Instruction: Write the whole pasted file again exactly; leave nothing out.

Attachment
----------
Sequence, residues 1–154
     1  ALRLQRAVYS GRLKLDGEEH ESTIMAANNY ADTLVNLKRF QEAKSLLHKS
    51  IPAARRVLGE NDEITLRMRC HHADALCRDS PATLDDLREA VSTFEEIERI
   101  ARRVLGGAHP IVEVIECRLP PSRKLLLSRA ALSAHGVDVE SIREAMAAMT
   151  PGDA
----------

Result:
Sequence, residues 1–154
     1  ALRLQRAVYS GRLKLDGEEH ESTIMAANNY ADTLVNLKRF QEAKSLLHKS
    51  IPAARRVLGE NDEITLRMRC HHADALCRDS PATLDDLREA VSTFEEIERI
   101  ARRVLGGAHP IVEVIECRLP PSRKLLLSRA ALSAHGVDVE SIREAMAAMT
   151  PGDA